- The Washington Times - Friday, October 5, 2007

SAN DIEGO (AP) — An investigating officer has recommended that the Marine at the center of the biggest prosecution of U.S. troops in the Iraq war should not stand trial on murder charges, a defense attorney said yesterday.

Staff Sgt. Frank Wuterich, 27, of Meriden, Conn., is charged with the unpremeditated murder of 17 Iraqis in 2005 in Haditha, a western city in Anbar province. The former squad leader purportedly directed his Marines in an assault that left 24 men, women and children dead.

Lt. Col. Paul Ware recommended that Sgt. Wuterich should be tried for the lesser offense of negligent homicide in the deaths of five children and two women, said Neal Puckett, Sgt. Wuterich’s attorney.

Col. Ware reviewed evidence against Sgt. Wuterich in a preliminary hearing known as an Article 32. His recommendation is nonbinding and the final decision about whether Sgt. Wuterich should stand trial rests with Lt. Gen. James Mattis, the commanding general overseeing the case.

If Gen. Mattis accepts the recommendation for Sgt. Wuterich and a similar one for one of his corporals, which appears likely based on past practice, no one will face murder charges in the biggest case involving Iraqi civilian deaths.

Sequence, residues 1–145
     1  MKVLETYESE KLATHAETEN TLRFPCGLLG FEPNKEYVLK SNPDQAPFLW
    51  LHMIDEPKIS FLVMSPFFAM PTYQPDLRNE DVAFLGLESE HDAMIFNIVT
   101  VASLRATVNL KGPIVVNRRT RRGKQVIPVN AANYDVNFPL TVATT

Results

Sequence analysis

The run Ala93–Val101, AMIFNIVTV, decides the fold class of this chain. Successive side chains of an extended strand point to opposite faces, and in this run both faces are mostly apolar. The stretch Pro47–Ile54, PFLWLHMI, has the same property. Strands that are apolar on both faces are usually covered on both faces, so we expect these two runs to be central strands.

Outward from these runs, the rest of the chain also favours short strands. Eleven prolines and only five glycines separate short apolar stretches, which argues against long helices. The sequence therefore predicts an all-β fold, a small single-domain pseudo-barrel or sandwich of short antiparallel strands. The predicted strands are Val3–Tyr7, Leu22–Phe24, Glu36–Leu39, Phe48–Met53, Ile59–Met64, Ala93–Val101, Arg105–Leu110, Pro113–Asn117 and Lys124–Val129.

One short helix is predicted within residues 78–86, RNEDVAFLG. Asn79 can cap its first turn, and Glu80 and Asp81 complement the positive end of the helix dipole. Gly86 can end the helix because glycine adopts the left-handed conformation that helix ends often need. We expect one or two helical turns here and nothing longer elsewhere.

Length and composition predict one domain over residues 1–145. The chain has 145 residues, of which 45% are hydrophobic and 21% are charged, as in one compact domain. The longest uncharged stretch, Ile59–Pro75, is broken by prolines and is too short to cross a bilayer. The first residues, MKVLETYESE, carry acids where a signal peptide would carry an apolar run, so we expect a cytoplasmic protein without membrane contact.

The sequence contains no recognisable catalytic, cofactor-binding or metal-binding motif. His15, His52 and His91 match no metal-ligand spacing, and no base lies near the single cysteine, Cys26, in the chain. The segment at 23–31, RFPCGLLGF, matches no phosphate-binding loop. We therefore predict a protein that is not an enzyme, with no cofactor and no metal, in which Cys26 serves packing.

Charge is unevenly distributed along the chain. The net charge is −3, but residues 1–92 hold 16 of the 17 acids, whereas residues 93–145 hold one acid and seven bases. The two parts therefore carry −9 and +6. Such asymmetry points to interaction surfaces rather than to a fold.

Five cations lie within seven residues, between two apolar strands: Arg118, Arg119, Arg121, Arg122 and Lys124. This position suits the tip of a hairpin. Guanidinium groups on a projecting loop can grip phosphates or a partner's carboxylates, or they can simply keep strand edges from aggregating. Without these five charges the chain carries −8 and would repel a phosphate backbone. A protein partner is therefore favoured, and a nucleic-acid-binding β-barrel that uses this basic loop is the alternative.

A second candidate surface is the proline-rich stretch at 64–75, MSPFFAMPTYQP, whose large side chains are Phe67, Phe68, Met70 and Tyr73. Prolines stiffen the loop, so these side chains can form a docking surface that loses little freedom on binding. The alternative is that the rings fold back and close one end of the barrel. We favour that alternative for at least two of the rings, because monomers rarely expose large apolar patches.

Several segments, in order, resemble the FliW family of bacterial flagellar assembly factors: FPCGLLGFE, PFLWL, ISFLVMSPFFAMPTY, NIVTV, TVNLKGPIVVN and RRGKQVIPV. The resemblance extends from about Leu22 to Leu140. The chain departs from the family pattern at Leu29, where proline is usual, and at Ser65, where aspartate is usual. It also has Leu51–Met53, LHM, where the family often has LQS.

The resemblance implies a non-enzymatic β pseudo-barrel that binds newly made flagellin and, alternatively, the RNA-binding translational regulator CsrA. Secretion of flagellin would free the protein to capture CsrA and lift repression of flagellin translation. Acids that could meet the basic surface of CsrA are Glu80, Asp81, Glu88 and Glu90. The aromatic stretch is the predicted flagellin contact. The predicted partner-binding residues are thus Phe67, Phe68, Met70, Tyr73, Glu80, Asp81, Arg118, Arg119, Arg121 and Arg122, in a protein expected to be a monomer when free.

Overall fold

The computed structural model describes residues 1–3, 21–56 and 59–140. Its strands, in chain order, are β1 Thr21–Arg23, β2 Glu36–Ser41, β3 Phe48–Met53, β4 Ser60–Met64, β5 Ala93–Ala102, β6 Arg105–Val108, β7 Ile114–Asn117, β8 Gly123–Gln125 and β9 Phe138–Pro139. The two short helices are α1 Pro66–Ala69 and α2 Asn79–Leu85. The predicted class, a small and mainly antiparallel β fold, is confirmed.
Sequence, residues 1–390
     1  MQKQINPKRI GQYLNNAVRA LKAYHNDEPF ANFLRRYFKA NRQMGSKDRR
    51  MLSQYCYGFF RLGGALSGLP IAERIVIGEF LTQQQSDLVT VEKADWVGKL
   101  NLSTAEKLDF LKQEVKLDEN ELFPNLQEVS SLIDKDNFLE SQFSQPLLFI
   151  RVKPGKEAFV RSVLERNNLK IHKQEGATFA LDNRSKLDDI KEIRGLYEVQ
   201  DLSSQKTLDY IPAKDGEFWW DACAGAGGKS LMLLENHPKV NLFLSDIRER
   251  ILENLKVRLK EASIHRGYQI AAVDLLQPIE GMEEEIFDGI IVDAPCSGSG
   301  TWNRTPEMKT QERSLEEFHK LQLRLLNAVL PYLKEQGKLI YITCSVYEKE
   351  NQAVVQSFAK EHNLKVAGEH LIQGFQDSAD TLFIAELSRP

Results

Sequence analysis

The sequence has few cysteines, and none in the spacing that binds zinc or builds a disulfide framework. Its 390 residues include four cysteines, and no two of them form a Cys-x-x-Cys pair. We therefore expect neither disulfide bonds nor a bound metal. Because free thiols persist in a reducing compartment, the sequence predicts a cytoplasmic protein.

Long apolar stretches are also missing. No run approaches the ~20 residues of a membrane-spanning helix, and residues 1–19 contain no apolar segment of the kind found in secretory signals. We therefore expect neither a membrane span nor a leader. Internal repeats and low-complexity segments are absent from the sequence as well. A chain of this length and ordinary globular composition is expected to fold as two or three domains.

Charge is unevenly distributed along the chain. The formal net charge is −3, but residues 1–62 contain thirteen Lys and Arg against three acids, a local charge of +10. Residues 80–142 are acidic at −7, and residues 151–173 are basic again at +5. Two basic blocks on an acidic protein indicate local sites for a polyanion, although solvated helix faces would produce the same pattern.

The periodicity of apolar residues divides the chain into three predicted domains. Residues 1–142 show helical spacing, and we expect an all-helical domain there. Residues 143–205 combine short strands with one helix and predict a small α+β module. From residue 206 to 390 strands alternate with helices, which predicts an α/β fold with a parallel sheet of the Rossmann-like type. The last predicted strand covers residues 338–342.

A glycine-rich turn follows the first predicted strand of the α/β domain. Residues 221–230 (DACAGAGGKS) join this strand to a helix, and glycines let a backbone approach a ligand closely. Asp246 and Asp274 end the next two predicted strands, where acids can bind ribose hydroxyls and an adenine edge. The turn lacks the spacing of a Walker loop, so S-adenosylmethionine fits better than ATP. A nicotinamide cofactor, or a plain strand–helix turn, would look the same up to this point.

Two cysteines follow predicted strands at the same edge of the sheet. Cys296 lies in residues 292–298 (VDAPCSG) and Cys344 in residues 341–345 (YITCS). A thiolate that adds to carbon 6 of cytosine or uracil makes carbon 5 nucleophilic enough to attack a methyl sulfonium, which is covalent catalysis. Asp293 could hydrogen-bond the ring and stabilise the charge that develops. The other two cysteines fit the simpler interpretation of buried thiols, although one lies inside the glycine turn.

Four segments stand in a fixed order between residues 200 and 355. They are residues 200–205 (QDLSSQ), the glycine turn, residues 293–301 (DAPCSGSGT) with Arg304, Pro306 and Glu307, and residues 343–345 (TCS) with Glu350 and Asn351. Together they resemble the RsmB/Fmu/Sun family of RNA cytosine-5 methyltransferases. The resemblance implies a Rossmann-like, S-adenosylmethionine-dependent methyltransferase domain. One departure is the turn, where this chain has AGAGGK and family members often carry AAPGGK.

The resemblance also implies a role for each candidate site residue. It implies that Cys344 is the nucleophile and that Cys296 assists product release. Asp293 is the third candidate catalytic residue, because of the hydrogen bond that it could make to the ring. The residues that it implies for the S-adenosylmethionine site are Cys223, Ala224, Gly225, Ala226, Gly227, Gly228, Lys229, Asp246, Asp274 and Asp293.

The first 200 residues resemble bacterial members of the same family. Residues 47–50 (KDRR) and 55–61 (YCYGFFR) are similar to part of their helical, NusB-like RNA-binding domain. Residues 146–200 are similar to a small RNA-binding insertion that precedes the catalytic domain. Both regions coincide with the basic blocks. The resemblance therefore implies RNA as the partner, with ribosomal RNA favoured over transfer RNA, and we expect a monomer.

“We’re both very pleased and also not surprised, given how the other cases have gone,” Mr. Puckett said. “There has never been any inkling that any of these Marines lost control or went on a rampage.”

Of four enlisted Marines initially accused in the case, charges have been dropped against Sgt. Sanick Dela Cruz and Lance Cpl. Justin Sharratt. Col. Ware also has recommended charges be dismissed against the third purported shooter, Lance Cpl. Stephen Tatum. Charges also have been dropped against two of four officers accused of failing to investigate the incident.


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